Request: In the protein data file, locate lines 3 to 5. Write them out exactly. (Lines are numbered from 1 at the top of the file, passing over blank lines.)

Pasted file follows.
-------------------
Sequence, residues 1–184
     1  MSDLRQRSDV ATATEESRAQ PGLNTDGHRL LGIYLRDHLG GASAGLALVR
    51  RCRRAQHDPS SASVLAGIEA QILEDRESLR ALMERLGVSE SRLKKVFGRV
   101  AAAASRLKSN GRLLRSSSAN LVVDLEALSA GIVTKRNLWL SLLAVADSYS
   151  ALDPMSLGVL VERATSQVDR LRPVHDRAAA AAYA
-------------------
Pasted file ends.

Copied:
    51  RCRRAQHDPS SASVLAGIEA QILEDRESLR ALMERLGVSE SRLKKVFGRV
   101  AAAASRLKSN GRLLRSSSAN LVVDLEALSA GIVTKRNLWL SLLAVADSYS
   151  ALDPMSLGVL VERATSQVDR LRPVHDRAAA AAYA